“Beverly, you are a dreamer, and I appreciate the hope you keep alive,” Wendy said.

Beverly smiled and lowered her eyes at the compliment.

“One day, we will find others, and rebuild our lives… back to what we were. In fact, I believe it will be better than it was before, because no one left alive will take the living for granted anymore.” Wendy seemed pleased with her own words.

“Spoken just like someone who’s never had to defend anyone they care about… you make me sick, you, and your sheltered beliefs.”

“Leave her alone, Mark,” Beverly said. “She’s just trying to keep our spirits up.”

Mark Banner smiled and gave the model the finger.

Both Beverly and Wendy shook their heads, dismissing his rude behavior.

Mark laughed and said, “Look, I don’t care if you want to believe in some new utopian society of Man, the fucking Easter Bunny, or if we’re all going to die down here tonight. Truth is, we deserve whatever’s coming. What’s happening in the world… hell… we did this. I don’t know how, but we did it. Maybe this is all just nature’s way of paying us back for fucking each other over all these years.” Mark was a believer in one thing: He hated his own kind more than the dead.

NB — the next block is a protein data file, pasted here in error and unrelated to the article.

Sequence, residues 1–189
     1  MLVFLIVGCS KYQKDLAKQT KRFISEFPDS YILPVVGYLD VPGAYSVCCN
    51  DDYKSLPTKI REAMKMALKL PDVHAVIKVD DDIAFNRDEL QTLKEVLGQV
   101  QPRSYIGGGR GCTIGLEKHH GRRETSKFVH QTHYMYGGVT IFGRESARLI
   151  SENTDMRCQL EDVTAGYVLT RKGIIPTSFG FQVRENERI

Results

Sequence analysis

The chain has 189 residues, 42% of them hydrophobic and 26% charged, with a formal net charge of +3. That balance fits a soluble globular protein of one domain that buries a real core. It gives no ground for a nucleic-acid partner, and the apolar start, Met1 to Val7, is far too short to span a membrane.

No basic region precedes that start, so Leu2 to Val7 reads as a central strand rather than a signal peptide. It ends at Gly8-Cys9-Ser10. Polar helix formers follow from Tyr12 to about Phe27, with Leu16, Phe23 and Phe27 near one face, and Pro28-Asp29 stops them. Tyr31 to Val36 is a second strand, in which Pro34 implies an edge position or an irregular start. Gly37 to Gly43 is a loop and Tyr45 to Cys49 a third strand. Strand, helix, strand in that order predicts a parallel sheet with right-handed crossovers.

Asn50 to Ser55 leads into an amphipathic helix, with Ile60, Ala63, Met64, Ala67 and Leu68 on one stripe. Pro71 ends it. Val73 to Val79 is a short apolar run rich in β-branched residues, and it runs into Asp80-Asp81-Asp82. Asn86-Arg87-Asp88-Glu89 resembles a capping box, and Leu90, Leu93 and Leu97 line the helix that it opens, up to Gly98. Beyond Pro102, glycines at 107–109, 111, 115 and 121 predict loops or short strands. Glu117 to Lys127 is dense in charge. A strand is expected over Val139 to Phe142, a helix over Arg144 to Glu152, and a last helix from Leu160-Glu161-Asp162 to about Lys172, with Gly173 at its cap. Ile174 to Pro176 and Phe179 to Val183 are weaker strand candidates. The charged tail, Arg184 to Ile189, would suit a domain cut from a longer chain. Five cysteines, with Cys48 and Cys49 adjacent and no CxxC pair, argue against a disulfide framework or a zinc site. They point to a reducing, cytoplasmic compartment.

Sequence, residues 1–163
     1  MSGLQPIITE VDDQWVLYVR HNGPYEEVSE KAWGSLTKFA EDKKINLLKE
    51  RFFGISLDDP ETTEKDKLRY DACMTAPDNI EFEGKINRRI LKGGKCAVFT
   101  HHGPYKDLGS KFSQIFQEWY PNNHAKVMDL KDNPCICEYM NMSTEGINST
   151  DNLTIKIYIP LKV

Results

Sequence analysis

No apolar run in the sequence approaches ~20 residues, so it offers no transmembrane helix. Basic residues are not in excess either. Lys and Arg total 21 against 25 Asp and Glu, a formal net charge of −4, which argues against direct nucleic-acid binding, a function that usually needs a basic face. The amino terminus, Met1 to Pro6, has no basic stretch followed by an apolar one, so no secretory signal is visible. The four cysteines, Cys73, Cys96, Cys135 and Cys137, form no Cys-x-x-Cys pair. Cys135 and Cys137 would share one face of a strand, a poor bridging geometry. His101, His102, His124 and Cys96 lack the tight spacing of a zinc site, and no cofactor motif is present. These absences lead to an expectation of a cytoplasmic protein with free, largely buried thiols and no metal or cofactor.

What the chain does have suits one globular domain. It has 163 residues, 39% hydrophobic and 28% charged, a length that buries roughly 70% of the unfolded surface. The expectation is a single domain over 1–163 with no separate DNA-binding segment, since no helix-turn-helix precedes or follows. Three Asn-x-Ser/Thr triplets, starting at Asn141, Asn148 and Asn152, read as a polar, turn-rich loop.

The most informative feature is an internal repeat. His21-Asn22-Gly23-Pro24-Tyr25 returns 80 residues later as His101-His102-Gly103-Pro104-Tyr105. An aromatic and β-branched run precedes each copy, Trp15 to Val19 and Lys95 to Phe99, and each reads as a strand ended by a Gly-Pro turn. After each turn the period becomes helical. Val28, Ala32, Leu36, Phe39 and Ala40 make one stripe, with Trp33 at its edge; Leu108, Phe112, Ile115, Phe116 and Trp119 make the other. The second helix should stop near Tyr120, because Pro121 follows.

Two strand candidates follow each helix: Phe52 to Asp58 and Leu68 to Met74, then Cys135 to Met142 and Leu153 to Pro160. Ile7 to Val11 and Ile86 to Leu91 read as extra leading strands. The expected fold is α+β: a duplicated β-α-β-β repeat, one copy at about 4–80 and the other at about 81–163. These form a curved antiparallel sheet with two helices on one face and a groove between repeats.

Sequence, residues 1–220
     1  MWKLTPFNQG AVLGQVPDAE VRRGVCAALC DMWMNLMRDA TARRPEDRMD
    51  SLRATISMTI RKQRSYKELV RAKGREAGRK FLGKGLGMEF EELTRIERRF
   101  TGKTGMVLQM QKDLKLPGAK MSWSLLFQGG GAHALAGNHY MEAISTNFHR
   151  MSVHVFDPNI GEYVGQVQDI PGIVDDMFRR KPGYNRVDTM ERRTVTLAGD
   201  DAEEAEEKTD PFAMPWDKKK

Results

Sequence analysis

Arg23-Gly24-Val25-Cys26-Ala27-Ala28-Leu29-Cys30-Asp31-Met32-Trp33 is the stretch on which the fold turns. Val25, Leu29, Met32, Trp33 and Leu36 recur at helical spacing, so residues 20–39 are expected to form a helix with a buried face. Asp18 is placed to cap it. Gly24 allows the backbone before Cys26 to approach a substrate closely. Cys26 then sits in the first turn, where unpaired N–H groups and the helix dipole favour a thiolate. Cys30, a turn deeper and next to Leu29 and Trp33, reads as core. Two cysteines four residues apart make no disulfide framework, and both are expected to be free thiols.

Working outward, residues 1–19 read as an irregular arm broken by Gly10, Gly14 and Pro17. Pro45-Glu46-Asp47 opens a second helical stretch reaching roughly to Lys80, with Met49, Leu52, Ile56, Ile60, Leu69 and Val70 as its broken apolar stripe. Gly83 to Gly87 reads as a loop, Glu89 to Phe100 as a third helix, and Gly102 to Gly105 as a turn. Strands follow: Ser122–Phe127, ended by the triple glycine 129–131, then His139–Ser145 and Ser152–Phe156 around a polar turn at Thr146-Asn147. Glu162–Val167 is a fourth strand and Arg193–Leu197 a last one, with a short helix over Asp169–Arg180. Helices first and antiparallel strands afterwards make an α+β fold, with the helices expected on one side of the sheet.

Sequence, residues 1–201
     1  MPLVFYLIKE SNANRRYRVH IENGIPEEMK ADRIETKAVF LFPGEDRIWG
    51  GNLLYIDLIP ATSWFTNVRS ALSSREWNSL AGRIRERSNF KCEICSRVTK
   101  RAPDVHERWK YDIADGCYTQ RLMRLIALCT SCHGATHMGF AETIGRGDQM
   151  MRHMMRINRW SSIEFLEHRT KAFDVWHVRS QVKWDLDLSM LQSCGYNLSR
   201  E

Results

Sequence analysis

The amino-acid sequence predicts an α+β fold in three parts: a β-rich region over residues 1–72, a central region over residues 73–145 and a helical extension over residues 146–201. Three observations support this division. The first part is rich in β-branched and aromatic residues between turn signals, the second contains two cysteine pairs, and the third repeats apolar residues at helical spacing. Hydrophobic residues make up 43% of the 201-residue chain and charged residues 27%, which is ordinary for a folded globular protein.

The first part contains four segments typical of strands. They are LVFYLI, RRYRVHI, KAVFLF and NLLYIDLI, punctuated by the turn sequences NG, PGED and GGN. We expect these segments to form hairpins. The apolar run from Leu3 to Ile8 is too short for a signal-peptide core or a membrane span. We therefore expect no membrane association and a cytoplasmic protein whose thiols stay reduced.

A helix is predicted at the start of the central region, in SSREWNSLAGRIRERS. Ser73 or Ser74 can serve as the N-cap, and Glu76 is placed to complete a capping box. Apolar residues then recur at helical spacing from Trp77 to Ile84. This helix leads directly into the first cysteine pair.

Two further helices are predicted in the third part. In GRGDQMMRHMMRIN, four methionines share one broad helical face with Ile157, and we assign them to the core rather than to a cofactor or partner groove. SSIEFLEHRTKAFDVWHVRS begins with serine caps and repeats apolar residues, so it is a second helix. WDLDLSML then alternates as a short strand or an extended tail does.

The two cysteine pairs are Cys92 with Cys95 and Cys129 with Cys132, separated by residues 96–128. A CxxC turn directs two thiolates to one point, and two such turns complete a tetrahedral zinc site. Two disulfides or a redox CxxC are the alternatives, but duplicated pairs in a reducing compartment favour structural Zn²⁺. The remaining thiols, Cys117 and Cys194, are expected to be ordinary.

“How can you possess such a bleak outlook?” Wendy asked. “I mean… just look at how we’ve all come together down here. We’re all from different backgrounds and beliefs, but we’ve survived together when so many haven’t. That has to count for something.”

Mark shook his head. “You’re confusing survival necessity for compassion. We don’t care about each other… not really. We do what we do down here because we need each other. That’s it. If the National Guard came and rescued us tomorrow, I’m sure we’d all be happy to never see each other again.”

“Wow, and I thought I was the cynical one,” Matthew said. “You must not have had a lot of friends before the world ended.”

“Fuck friends,” Mark said. “That’s just more people to mourn. I’ll leave all that sentimental bullshit to the hippy over there and the long-legged prom queen. We were always alone in this world… I’ve just got the balls enough to admit it.”

Matthew had no response. He just waved a hand in Mark’s face.

Wendy turned to Beverly, who was wiping tears from her eyes.

“I wasn’t a prom queen, asshole. I modeled for a living. I just… I just miss my life. Is it a crime to want to talk about it? Is that okay with you?”

“That’s okay,” Wendy said, taking the tall woman’s hand. “You’re not the only one.” She turned and scowled at Mark. “Happy now?”

Mark raised his hands and laughed. “Sorry. I’m not good at chocolate-covered with sprinkles. If it tastes like shit, then it’s still shit. Welcome to the apocalypse, sweetheart.”

“You’re a jerk,” Wendy said. “And don’t call me ‘sweetheart’.”

Mark gave up.